Owner of Atlanta’s Salwa Foods sentenced
3:42 pm, November 27th, 2012
A federal judge in Atlanta has sentenced the owner of Atlanta-based Salwa Foods to serve a year and a day in federal prison for wire fraud in connection with his submission of more than $300,000 in false claims to the U.S. Department of Agriculture.
U.S. District Court Amy Totenberg also ordered Mushtaq “Mike” Mistry, 47, of Lawrenceville to pay $342,500 in restitution to the U.S. Commodity Credit Corp.
Mistry and his wife, Waheeda Bano Mistry, were charged last January in an indictment that accused them of devising a scheme to defraud the Agriculture Department’s Market Access Program. The Market Access Program uses funds from the federal Commodity Credit Corp. to assist in the development, expansion and maintenance of agricultural markets for U.S. agricultural commodities and products, according to the indictment. The program helped U.S. producers and U.S. companies by providing funds to promote U.S. products abroad. The program reimbursed as much as 50 percent of the costs of marketing U.S. products overseas.
Salwa Foods specializes in the production of halal frozen chicken and beef products. Halal refers to meat that has been butchered according to Islamic law.
According to the indictment, from 2007 to 2009 Mistry successfully submitted reimbursement claims to the Market Access Program for what he said was the purchase of commercials advertising Salwa Foods on television networks in Dubai. But, according to the indictment, the invoices that Mistry submitted were false and the Dubai television network was never paid to air Salwa commercials in the United Arab Emirates.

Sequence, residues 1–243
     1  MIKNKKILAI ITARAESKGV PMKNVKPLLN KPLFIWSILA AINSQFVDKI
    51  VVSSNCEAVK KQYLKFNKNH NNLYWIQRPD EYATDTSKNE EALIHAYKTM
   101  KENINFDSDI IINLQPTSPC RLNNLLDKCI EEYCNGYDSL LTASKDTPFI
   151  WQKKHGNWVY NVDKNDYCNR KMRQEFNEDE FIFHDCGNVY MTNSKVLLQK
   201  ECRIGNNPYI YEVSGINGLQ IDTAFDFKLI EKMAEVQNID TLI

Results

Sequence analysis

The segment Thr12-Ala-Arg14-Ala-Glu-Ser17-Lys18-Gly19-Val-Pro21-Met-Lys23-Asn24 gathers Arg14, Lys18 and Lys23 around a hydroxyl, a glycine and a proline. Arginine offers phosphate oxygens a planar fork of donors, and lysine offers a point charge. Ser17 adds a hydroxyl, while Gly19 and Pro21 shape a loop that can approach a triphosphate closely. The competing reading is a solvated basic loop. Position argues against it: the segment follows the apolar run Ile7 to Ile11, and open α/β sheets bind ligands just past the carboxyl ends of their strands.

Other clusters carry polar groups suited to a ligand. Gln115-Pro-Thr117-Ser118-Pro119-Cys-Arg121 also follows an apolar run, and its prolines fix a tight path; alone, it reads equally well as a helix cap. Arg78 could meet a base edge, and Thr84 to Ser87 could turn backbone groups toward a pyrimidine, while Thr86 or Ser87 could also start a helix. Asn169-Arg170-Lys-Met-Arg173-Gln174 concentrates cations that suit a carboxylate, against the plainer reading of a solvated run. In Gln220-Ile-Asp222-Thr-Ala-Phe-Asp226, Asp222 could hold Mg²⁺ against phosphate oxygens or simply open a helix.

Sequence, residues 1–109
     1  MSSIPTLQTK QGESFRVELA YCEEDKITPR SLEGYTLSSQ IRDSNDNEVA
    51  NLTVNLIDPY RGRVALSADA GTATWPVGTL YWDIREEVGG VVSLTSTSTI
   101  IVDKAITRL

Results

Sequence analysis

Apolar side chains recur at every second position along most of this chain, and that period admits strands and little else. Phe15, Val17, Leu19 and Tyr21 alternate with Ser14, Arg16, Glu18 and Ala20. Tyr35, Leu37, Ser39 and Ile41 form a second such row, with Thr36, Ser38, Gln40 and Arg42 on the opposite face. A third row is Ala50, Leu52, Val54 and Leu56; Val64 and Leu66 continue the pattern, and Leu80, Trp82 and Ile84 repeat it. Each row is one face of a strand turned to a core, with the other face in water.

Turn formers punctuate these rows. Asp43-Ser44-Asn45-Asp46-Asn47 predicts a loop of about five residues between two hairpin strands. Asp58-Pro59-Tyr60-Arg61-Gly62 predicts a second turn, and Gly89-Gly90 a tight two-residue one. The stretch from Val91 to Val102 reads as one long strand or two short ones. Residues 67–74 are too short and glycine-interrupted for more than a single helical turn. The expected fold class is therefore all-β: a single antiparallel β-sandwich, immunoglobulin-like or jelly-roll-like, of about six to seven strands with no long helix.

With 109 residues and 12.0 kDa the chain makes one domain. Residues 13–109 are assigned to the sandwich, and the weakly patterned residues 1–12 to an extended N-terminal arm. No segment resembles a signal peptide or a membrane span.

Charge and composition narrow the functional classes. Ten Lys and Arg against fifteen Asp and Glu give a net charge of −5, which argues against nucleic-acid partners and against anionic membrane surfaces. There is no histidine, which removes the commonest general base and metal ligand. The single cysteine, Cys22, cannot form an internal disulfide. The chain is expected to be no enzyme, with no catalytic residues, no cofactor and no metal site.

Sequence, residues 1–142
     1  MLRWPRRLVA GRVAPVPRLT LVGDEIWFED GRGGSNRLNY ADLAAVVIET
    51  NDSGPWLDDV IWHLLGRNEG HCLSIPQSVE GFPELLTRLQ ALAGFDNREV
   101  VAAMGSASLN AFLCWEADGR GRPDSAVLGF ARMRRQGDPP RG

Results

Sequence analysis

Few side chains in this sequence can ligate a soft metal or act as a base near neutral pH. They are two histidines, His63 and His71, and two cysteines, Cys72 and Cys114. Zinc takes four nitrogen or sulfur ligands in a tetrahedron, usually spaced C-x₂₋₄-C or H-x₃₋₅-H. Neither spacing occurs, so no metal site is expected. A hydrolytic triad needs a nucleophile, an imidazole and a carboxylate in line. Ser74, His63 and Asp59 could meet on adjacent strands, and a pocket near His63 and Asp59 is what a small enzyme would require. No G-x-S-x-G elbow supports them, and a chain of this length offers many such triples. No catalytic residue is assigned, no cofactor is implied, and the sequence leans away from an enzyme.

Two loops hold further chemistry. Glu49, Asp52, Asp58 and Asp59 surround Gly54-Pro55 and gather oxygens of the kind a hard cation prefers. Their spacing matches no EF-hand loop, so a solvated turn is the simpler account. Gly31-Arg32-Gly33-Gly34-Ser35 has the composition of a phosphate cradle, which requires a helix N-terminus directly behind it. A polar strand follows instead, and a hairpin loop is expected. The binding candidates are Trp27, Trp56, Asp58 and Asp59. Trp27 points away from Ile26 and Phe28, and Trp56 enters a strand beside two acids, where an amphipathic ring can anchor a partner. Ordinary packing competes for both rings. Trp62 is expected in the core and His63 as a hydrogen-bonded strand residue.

Mistry provided the market program with falsified documentation, including invoices and checks indicating falsely that he had made payments to the Dubai network, and federal prosecutors said the claims he submitted did not correspond to any actual payments made to air the commercials.
In September, Mistry pleaded guilty to a single count of wire fraud. Following his plea, federal prosecutors dismissed the charges against his wife and returned her passport, according to court records in the case.
U.S. Attorney Sally Yates said today that Mistry “abused a federal program designed to help companies in the United States market and sell their products internationally.
“In this time of federal belt-tightening,” Yates continued, “it is essential to detect and prevent federal program fraud in order to preserve these resources for the individuals and small businesses that truly need them.”
Donald B. Yaden, special agent in charge of the Internal Revenue Service’s criminal investigations division in Atlanta, said, “Mistry took advantage of the very program that was designed to assist him and his business.”